Papaya Nightmares: A Farmer Struggles Amid Hawaii's GMO Debate

Sophie Cocke/ Civil Beat

KEAAU, HAWAII — A canopy of leaves juts from papaya treetops like a plume of ostrich feathers amid the heavy, sweetly scented air on this land south of Hilo. Lower down, plump green thick-skinned papayas hug even rows of skinny, checkered trunks as far as the eye can see.

Upon closer inspection, some of the skins that protect the fruit have turned bright yellow and softened, indicating that they are ripe — and that these juicy papayas should already have been picked and shipped off to grocery stores around the state, or to the mainland U.S. and Canada.

The fruit still clings to the branches on this 100-acre papaya farm because sales have plummeted in recent weeks, says the owner, Alberto Belmes, and the fruit is likely to rot where it is.

He thinks he knows why his papaya sales have been cut in half in a fortnight. The culprit seems to be Hawaii’s polemic debate about biotech crops that has once again reached a fevered pitch. (A papaya industry group confirmed the dip in recent sales and they also attribute it to bad publicity, although they don't yet have any concrete data.) The high-profile debate is stirring anxiety — and what local papaya farmers consider to be unsubstantiated fears — about the fruit that farmers like Belmes grow and sell.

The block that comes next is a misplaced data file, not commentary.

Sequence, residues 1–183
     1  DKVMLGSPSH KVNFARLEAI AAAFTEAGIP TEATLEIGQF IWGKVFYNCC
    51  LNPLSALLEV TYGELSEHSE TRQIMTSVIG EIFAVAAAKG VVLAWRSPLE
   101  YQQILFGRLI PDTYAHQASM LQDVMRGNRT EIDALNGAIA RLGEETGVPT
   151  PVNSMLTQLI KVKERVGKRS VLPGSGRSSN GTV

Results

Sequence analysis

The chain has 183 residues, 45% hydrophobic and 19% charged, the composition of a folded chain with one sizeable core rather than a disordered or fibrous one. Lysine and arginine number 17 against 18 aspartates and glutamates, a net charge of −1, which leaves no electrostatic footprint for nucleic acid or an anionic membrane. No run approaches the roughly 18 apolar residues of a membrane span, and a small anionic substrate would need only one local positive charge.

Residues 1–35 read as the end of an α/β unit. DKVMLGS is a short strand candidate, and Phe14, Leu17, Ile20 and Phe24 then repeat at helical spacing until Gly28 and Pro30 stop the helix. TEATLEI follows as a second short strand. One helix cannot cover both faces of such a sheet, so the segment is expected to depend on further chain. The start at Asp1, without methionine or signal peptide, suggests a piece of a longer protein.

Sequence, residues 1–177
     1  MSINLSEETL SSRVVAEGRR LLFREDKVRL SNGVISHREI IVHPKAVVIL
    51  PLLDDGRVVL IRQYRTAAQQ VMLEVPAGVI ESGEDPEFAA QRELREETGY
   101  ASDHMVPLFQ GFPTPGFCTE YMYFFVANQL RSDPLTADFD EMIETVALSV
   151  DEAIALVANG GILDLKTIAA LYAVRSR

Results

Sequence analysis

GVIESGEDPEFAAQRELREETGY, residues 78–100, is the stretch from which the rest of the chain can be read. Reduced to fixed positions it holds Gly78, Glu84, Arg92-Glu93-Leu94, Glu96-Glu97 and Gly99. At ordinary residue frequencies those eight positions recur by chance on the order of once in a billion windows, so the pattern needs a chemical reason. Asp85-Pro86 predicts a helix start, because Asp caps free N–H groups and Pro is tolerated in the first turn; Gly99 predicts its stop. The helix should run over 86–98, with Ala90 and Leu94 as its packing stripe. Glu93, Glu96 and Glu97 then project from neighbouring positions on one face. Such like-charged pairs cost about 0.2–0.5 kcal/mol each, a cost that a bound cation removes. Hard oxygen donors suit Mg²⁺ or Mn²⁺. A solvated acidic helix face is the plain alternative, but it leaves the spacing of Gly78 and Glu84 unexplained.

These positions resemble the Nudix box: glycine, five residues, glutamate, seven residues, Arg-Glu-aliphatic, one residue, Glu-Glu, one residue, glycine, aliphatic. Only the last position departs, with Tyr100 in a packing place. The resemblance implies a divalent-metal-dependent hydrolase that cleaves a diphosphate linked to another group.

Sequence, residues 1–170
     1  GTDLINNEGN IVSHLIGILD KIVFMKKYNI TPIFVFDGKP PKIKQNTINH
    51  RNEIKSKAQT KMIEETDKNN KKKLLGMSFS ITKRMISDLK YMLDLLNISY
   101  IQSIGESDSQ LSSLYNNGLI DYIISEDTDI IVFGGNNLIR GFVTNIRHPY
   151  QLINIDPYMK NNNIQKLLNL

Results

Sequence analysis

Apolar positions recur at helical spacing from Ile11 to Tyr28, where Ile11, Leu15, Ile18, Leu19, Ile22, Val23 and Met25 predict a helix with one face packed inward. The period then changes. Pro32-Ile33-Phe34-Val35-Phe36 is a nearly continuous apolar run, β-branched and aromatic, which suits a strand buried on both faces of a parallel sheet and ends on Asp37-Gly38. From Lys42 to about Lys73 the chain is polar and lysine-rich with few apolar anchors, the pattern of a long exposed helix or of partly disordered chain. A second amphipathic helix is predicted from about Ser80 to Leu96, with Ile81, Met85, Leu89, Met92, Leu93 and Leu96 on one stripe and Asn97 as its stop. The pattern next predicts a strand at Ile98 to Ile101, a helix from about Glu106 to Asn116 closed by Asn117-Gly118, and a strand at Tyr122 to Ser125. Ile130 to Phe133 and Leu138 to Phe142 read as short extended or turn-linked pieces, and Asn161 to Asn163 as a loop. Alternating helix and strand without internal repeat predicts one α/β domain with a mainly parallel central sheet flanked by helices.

That is because his papaya trees, like so many others here, are a marvel of modern science. Their DNA was tweaked in the late 1990s to withstand the ringspot virus, which devastated papayas in Keaau. Despite anti-GMO activists' concerns that produce-profiteers are risking our health and our ecosystem, and working against the very laws of nature, Belmes suggests that the real world of farmers like him is far more nuanced. And, he is confident that his fruit should be eaten, not wasted.

There is little doubt that farmers like Belmes are trapped in the crossfire of a much larger battle — one that could be caricatured as greedy frankenfood makers versus capitalism-hating environmental utopionists — that shows no signs of abating.

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